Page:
Cultural affordance, social relationships, and narratives of independence: Understanding the meaning of social care for adults with intellectual disabilities from minority ethnic groups in the UK

Research output: Contribution to journalArticlepeer-review


  • Michael Larkin
  • Malvika Iyer
  • Sofia Zahid
  • Kulsoom Malik

Colleges, School and Institutes

External organisations

  • Aston University


Objectives: To explore the perspective of adults with intellectual disabilities from minority ethnic groups, on their relationship with social care services. Methods: Thirty-two adults took part in semi-structured interviews. Transcripts were analyzed within a Pluralist framework, adopting the structure of Template Analysis and then drawing on phenomenological, narrative, and discursive approaches. Results: Our participants were generally positive about the services which they received, which they evaluated primarily in terms of their continuing good relationship(s) with specific workers. Our respondents were sophisticated users of cultural resources and identities; the concept of ‘cultural affordance’ may be useful alternative to ‘cultural competence’. We discuss three distinctive narratives about independence (Stability; Progress; Resistance). Each highlights the importance of maintaining connectedness to others, and the crucial role played by ownership of decision-making. Conclusions: We have developed a set of resources which service providers (and researchers) can use with people with intellectual disabilities, in order to support mutual understanding, service planning and delivery.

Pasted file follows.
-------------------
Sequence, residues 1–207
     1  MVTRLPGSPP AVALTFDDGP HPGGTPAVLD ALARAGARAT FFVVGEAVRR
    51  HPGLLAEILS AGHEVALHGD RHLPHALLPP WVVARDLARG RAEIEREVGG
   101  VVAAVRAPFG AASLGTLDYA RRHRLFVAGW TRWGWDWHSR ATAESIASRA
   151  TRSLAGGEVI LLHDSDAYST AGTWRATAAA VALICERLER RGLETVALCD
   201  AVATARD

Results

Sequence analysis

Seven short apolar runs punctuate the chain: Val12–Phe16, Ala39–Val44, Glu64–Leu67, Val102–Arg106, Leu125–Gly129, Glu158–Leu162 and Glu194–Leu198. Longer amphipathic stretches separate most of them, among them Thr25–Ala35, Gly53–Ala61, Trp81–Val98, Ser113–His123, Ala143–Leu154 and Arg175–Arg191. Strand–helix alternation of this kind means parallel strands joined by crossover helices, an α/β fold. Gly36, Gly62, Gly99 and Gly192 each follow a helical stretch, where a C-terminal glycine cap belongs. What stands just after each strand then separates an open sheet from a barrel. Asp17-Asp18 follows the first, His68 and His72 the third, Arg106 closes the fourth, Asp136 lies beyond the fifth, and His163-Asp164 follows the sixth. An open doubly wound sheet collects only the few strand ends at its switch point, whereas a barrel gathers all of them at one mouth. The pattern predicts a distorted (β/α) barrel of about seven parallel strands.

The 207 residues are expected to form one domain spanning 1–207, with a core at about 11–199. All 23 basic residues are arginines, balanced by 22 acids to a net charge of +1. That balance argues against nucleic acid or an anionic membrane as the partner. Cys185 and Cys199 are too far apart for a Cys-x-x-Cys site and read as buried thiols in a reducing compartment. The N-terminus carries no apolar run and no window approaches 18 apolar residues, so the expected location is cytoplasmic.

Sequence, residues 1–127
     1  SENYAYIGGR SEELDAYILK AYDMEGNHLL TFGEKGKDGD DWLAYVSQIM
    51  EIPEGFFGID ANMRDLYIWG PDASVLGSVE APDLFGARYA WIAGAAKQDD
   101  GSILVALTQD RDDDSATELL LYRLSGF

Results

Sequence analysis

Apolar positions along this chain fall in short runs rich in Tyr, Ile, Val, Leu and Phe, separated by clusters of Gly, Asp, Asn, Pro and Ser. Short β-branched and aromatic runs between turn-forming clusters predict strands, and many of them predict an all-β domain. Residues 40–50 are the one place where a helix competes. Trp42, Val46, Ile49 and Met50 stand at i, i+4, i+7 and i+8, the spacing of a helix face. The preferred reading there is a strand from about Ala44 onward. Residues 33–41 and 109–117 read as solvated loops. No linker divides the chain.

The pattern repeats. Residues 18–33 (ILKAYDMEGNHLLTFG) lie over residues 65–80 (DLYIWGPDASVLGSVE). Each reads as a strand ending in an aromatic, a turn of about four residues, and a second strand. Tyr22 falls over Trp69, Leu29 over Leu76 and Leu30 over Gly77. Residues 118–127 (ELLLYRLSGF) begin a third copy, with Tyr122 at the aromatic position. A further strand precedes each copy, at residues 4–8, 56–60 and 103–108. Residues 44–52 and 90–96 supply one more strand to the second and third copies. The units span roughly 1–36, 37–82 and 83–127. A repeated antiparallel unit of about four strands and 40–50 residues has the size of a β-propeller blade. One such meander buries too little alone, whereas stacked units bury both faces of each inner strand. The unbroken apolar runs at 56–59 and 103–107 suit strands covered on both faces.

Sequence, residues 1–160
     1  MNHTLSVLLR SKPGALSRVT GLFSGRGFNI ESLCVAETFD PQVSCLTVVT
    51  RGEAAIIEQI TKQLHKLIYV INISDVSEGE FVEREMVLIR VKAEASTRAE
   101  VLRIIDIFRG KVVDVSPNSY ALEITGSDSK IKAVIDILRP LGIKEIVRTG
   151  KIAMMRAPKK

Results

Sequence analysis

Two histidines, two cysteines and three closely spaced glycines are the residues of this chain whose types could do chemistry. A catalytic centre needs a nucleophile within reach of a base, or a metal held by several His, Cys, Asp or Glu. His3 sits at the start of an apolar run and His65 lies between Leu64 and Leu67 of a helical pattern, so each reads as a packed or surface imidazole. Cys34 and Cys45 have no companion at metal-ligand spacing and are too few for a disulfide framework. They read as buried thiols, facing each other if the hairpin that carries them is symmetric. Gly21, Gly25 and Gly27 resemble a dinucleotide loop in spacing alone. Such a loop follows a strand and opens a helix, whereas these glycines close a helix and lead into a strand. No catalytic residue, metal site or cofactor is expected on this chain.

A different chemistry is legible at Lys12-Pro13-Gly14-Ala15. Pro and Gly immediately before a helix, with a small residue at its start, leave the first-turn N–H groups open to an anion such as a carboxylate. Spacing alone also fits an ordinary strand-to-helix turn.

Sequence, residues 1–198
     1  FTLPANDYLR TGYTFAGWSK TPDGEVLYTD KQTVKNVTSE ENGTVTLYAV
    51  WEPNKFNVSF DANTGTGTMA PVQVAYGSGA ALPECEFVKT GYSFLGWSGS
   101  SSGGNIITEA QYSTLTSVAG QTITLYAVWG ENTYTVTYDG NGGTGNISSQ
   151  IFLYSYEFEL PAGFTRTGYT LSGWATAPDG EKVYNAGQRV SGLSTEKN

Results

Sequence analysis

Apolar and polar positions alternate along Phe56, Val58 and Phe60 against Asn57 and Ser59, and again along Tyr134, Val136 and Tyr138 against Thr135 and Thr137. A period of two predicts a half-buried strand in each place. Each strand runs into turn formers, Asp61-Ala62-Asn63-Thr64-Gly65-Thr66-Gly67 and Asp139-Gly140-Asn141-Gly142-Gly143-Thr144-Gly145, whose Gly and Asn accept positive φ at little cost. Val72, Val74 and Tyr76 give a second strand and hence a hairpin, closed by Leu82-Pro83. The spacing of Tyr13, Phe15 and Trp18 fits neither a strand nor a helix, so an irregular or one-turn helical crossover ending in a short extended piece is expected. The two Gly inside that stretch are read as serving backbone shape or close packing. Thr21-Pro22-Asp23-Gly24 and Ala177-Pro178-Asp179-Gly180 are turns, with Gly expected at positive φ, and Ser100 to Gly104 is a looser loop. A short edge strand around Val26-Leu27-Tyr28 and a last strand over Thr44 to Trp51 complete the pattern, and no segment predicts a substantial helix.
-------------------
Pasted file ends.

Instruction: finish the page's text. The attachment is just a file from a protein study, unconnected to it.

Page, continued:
Original languageEnglish
Pages (from-to)195-203
Number of pages9
JournalInternational Journal of Developmental Disabilities
Issue number3
Early online date8 Jun 2018
Publication statusE-pub ahead of print - 8 Jun 2018


  • culture, ethnicity, independence, interviews, pluralist, relationships, social care